Passing through hundreds of villages and towns, the march has attracted farmers worried about rising debt, students complaining about increasing unemployment, civil society members and rights activists who say India’s democratic health is in decline.

In multiple impassioned speeches during the march, Gandhi often targeted Modi and his government for doing very little to address the growing economic inequality in India, the rising religious polarisation, and the threat posed by China.

The armies of India and China are locked in a bitter standoff in the mountainous Ladakh region since 2020. Despite over a dozen rounds of talks at military, political and diplomatic levels, the standoff has protracted.

Comment by Riaz Haq on January 25, 2023 at 10:39am

#Modi's Pal #Adani, The World’s 3rd Richest Man, Is Pulling The Largest Con In Corporate History. He has engaged in a brazen #stocks #manipulation and accounting #fraud scheme over the course of decades. #Hindutva #BJP #CronyCapitalism #India #economy

By Hindenburg Research

Today we reveal the findings of our 2-year investigation, presenting evidence that the INR 17.8 trillion (U.S. $218 billion) Indian conglomerate Adani Group has engaged in a brazen stock manipulation and accounting fraud scheme over the course of decades.
Gautam Adani, Founder and Chairman of the Adani Group, has amassed a net worth of roughly $120 billion, adding over $100 billion in the past 3 years largely through stock price appreciation in the group’s 7 key listed companies, which have spiked an average of 819% in that period.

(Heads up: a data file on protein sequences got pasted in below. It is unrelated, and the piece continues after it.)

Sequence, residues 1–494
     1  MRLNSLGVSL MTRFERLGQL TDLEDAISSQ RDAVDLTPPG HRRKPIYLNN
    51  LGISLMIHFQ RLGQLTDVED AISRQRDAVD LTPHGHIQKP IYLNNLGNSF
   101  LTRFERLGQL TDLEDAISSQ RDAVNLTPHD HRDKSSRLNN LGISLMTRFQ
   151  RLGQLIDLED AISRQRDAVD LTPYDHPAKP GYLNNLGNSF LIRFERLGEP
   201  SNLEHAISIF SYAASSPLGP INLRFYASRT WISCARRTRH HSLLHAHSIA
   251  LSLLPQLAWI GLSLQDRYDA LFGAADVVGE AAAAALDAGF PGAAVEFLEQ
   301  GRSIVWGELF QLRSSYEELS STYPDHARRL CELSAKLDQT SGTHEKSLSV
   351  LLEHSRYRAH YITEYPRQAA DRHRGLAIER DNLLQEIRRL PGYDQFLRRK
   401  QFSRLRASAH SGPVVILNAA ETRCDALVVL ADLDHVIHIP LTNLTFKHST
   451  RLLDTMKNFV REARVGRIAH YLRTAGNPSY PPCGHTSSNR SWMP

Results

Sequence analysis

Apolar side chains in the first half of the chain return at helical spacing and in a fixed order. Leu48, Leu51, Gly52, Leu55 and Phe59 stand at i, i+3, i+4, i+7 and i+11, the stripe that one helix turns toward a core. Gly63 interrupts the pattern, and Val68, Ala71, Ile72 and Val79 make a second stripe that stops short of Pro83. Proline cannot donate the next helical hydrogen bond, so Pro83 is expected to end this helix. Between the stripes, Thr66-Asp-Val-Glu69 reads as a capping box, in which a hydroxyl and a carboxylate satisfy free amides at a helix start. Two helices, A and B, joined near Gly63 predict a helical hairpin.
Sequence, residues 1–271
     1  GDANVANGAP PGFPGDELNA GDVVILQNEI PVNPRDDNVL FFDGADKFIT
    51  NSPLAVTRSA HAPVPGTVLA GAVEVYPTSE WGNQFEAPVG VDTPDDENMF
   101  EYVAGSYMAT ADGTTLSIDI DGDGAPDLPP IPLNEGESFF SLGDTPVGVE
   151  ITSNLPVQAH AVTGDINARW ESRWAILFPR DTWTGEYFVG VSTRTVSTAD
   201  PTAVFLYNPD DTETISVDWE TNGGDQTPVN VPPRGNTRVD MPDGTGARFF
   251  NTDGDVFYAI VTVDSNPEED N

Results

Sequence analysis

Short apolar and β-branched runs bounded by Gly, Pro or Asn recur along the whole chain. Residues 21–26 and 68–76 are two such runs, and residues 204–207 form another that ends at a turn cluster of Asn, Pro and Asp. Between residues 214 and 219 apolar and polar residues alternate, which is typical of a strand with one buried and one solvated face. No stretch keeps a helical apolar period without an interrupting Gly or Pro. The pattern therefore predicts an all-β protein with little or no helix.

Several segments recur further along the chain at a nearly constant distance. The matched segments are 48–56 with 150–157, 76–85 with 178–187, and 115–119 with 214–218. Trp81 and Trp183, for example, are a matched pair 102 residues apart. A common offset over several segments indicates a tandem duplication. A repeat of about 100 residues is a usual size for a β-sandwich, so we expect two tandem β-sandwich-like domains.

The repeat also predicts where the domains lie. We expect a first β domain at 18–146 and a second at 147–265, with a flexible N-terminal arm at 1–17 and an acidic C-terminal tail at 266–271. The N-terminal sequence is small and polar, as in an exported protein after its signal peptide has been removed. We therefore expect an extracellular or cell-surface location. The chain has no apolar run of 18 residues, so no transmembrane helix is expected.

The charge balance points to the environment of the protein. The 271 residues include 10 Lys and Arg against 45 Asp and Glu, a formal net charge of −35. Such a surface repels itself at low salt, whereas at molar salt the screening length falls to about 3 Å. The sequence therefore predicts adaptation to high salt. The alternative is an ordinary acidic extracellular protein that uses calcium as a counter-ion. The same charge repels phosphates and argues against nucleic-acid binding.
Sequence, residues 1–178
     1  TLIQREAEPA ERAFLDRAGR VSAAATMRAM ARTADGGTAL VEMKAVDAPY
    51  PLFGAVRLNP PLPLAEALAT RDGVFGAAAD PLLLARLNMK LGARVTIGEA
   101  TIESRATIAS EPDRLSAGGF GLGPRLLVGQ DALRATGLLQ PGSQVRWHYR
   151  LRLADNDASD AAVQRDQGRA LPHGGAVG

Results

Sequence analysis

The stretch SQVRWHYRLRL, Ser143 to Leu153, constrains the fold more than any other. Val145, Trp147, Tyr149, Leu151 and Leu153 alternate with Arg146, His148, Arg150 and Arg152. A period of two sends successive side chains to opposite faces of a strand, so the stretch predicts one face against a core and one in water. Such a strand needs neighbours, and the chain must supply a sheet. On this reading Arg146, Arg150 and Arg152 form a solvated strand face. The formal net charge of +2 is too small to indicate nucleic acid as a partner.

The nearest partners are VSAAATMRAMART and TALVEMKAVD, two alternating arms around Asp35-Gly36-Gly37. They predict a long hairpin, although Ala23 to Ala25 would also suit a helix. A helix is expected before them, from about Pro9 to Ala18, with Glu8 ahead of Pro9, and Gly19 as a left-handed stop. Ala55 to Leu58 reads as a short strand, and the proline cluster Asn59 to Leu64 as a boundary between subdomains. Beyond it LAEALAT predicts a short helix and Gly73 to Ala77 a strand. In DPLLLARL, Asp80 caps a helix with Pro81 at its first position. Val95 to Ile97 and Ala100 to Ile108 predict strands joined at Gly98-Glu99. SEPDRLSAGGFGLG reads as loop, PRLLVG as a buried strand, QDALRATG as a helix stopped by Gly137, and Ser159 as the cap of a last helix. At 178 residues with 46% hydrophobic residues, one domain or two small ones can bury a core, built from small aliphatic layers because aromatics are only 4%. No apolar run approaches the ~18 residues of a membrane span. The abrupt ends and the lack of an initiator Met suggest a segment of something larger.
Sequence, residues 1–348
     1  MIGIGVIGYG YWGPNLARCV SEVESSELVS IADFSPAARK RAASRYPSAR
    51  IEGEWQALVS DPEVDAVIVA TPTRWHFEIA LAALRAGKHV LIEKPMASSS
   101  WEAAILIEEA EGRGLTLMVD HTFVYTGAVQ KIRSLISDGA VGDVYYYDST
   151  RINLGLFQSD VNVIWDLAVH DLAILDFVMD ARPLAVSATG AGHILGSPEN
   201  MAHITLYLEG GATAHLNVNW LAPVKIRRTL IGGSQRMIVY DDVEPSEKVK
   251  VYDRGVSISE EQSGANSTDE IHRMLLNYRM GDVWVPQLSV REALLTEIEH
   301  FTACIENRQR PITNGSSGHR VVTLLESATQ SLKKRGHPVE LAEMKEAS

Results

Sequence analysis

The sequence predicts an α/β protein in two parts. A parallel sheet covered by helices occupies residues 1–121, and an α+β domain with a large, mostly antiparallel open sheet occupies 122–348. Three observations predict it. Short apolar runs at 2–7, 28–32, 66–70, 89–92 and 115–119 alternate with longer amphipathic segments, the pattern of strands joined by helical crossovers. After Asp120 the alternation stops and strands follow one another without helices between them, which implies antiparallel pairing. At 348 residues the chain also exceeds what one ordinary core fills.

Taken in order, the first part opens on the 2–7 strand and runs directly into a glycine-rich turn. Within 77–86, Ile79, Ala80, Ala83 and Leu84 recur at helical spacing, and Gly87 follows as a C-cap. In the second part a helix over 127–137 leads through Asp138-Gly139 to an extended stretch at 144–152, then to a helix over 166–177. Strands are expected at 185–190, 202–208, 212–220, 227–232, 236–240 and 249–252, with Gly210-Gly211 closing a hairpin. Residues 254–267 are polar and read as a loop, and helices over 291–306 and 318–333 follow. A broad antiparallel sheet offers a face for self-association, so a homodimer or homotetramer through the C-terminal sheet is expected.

Our research involved speaking with dozens of individuals, including former senior executives of the Adani Group, reviewing thousands of documents, and conducting diligence site visits in almost half a dozen countries.
Even if you ignore the findings of our investigation and take the financials of Adani Group at face value, its 7 key listed companies have 85% downside purely on a fundamental basis owing to sky-high valuations.
Key listed Adani companies have also taken on substantial debt, including pledging shares of their inflated stock for loans, putting the entire group on precarious financial footing. 5 of 7 key listed companies have reported ‘current ratios’ below 1, indicating near-term liquidity pressure.
The group’s very top ranks and 8 of 22 key leaders are Adani family members, a dynamic that places control of the group’s financials and key decisions in the hands of a few. A former executive described the Adani Group as “a family business.”